I took a month to look for a flat. It’s difficult to plan longer in advance as most listings are uploaded quite
spontaneously. My cousin living in Paris helped me to find out which neighbourhoods are preferable and
what prices are reasonable. In a city like Paris, there are a lot of flat ads but also a lot of scams, so you
should be especially careful. After I had been looking on the usual platforms for a while, I searched for
ads in Paris on ‘ WG-gesucht’, a German flat platform, and actually found something. German tenants in
Paris often advertise there for possible new tenants. So I finally came across a very nice couple in their

© Anthony Feghali

40s. They both work either in the theatre or in the film sector and therefore know a bit about the cultural
scene in Paris.
My room was about 12 square metres in a 55 square metre flat, which was relatively spacious by Parisian
standards. With a rent of 760€ per month, I was around the upper average. The flat was in the 19th
arrondissement, inside the ring road near the Parc de La Vilette, Paris’ largest park. This neighbourhood
is very well connected and, with its location by the canal and between two large parks, is in a not so
densely built-up area, which is very nice for walking or jogging. It took me no more than 20 minutes by
bike to get to work, and I could ride along the canal.

My employment at LAN Architects lasted 6 months. This office consists of about 25 employees aged
20-40.When I arrived and for the first few weeks I was shocked. There seemed to be a strict and tense
atmosphere in the air. My colleagues were very much among themselves and it was relatively difficult to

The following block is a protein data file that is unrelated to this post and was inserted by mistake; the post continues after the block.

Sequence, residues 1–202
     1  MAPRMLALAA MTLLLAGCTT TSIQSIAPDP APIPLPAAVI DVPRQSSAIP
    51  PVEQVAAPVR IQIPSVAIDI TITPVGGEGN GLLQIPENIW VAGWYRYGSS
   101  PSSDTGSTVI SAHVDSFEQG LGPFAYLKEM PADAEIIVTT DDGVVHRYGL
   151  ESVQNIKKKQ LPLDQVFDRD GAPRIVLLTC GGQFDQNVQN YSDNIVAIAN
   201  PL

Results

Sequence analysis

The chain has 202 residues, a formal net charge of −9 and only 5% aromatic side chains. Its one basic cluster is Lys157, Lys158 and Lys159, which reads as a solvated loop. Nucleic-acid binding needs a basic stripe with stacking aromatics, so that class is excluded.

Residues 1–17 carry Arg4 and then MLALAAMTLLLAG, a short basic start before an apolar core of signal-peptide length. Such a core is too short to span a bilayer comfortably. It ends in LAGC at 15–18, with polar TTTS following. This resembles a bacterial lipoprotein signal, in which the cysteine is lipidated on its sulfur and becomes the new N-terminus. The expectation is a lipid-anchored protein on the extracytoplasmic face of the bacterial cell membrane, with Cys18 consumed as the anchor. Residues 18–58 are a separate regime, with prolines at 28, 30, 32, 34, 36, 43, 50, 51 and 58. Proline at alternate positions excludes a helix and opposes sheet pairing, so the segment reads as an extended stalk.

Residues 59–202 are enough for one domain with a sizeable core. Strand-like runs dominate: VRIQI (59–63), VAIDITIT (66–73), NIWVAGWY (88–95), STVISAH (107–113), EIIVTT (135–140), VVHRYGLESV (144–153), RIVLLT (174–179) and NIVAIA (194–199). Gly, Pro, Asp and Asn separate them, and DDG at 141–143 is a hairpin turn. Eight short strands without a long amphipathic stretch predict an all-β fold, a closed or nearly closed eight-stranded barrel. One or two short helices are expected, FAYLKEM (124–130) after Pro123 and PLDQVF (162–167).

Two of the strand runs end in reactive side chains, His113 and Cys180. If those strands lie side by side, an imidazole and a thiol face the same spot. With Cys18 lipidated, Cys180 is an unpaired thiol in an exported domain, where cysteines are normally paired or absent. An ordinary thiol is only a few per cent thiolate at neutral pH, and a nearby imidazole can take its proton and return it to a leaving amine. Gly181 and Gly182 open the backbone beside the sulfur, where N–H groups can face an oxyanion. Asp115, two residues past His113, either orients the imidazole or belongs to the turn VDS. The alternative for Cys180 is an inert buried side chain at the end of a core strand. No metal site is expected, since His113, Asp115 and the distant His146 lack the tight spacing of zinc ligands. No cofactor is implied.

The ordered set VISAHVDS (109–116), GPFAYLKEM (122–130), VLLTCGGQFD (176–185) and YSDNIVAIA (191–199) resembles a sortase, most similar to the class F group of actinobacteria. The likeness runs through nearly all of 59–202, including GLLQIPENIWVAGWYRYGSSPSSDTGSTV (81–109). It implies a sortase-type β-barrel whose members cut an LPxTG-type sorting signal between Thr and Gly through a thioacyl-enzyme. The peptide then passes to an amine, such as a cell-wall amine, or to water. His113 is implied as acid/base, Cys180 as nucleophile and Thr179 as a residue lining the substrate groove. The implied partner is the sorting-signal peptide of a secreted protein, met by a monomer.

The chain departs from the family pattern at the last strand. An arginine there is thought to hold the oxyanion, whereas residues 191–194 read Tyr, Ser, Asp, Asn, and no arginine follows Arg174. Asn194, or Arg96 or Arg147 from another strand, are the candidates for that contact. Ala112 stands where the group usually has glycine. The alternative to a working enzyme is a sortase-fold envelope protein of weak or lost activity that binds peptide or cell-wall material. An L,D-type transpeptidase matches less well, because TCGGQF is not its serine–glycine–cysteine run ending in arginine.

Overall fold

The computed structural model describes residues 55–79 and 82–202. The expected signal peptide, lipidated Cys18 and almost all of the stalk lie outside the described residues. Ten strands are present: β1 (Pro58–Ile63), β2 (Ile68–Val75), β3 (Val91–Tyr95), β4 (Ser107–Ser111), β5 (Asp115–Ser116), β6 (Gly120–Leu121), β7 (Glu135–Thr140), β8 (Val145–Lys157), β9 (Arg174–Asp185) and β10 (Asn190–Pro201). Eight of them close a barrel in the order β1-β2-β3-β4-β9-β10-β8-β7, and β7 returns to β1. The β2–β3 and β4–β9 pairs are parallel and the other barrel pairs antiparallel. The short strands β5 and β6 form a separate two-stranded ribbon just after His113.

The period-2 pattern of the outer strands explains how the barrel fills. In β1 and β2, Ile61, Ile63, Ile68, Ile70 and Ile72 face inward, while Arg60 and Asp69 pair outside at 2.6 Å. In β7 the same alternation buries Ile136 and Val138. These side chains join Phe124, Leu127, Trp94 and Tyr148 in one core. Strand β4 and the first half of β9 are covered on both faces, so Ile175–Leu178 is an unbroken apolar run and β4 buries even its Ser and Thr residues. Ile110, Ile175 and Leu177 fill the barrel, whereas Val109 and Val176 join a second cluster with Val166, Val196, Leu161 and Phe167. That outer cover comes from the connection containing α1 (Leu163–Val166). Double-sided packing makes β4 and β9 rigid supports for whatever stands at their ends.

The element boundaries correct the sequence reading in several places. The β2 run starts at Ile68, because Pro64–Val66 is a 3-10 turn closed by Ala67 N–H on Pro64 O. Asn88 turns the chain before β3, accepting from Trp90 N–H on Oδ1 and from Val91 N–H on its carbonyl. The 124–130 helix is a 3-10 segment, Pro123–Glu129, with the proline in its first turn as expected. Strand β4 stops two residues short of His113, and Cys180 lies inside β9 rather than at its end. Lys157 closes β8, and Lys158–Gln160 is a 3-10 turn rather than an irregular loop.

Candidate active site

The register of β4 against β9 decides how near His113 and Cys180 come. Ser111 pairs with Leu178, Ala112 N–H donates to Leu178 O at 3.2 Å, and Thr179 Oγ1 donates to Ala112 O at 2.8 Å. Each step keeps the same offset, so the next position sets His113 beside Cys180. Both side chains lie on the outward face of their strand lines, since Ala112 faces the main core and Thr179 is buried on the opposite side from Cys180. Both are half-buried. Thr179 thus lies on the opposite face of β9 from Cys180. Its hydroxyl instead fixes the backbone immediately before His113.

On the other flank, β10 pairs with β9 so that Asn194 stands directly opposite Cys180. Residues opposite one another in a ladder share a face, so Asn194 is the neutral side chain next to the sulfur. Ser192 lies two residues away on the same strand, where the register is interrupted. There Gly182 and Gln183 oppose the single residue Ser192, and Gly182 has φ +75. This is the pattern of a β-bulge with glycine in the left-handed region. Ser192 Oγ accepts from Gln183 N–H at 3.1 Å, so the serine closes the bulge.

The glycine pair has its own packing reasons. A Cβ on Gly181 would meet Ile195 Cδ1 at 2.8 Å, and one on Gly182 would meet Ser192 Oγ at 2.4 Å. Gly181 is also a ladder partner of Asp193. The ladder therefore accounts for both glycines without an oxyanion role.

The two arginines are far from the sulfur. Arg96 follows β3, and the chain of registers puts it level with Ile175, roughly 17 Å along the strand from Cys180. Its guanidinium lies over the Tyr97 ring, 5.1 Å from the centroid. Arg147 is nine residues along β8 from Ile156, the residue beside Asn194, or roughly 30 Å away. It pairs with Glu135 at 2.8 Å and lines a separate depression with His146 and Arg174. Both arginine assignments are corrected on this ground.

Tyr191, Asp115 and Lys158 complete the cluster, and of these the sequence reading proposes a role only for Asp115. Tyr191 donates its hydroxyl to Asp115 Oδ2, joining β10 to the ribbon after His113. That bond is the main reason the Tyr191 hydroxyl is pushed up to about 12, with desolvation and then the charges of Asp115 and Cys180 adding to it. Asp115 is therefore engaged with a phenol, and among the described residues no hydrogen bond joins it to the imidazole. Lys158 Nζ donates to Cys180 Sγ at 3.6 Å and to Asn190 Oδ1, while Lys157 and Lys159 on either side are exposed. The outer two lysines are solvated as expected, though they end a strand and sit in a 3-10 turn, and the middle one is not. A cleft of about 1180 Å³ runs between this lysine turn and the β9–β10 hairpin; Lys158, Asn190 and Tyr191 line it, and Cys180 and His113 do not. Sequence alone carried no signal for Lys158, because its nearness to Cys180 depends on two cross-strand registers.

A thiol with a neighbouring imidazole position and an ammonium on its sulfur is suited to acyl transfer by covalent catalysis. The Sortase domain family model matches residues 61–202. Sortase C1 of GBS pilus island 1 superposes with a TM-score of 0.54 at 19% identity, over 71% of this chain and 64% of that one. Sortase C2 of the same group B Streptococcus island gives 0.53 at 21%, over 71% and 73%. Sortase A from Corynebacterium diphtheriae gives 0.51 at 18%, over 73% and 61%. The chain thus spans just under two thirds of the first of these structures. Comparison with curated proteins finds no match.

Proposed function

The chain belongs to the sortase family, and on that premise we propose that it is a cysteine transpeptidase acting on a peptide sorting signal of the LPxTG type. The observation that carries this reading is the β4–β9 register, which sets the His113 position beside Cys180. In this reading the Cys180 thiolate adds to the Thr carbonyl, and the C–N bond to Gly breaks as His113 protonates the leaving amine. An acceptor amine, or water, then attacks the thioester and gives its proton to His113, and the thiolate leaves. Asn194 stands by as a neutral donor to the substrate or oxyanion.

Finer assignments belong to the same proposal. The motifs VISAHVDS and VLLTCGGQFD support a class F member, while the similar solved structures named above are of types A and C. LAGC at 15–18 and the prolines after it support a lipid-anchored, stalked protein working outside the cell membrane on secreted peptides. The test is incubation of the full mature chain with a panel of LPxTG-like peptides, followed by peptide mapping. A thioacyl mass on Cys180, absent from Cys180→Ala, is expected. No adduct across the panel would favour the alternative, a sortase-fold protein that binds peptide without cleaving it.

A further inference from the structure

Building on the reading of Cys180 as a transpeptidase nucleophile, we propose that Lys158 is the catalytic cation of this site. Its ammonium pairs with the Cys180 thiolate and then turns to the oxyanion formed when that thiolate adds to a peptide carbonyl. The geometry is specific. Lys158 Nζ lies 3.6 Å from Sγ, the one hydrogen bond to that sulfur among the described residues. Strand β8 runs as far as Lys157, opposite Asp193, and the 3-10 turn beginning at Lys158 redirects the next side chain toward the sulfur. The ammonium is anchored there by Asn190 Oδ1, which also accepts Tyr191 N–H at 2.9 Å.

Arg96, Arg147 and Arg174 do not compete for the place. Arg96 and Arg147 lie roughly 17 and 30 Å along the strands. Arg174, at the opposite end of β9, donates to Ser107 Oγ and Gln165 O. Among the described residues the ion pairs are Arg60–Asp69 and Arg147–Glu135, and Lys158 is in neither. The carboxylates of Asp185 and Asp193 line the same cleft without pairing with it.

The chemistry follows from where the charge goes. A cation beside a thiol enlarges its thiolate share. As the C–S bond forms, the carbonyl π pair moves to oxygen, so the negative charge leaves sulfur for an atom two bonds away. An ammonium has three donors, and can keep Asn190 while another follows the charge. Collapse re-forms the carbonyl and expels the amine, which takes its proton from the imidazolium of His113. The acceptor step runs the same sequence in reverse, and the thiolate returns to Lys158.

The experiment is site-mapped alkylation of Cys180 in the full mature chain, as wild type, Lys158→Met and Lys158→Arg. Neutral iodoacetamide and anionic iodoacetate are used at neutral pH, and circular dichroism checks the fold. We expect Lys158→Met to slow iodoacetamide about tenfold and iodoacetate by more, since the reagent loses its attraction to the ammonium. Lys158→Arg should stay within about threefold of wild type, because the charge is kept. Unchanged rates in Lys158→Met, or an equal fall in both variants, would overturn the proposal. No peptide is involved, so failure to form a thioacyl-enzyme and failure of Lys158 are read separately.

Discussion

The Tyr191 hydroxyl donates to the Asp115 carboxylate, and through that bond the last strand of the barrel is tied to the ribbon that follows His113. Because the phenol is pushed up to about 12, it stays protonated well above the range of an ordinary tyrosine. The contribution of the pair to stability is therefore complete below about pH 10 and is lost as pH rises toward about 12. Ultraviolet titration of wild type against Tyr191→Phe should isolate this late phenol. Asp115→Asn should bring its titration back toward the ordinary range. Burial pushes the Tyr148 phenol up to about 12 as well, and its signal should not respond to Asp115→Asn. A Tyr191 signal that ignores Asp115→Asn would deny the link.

get access to them.
The office was largely made up of Italians, as the boss is Italian, which unfortunately often resulted in

© Anthony Feghali

groupings and conversations in Italian that were hard to follow. I was also not used to their working
hours. A normal day started at 10 a.m. and ended between 7 and 7:30 p.m., sometimes longer or shorter.
Although everyone had a contractual working time of 35 hours a week, they worked overtime every day,
which was rarely recovered. As a trainee, I tried to stick a bit more to the 35 hours, but this didn’t always
work, especially in the beginning. So for the future, I would recommend that aspiring interns clarify the
working hours in advance or any arrangements for overtime. What I had difficulties with in my day-to-day
work were the long hours at my desk. From my studies, I was used to taking my breaks in such a way
that I always had something to move around, but in the office this was not so common.
Gradually, relationships in the office became more relaxed and I began to integrate myself more and
more. This was helped by the office parties that were organised when staff left. Unfortunately, there was a
high fluctuation of staff, as the working environment was not easy, especially with the two bosses. I later
learned that the office is known among architects for having a high work pressure with strict bosses.
So we often went out for a drink after work or did something with some colleagues at the weekend.
Unfortunately, the best time I had with my colleagues was at the end of the internship when it was time to
leave. But that’s probably how it is when you’re there for a short time. The office was planned and built by
the managers. It had a perfect location in the 11th arrondissement on the top two floors with a roof
terrace, so you could eat lunch with a beautiful view over the Parisian mansard roofs.

Since France, unlike other countries, has national regulations for internships, and these can only be
completed as school internships, the pay is also lower than in neighbouring countries. My salary was

© Anthony Feghali

around 550 € per month. With the Erasmus grant, which was about the same, I had 1100 a month at my
disposal, as my parents paid for my room. I got by on 800 euros a month. The cost of living in Paris is
very high.
This applies to supermarket shopping, restaurants, bars and snack bars. For example, a pint of beer
costs around 8 euros in a traditional pub, and 10 euros in a restaurant. So you couldn’t always afford to
go out for a drink, or you knew the special low-priced bars.
During the working day, I also tried to cook for the week, but that didn’t work for all days, because after
the late end of the working day, you also wanted to have time for leisure and not have to cook again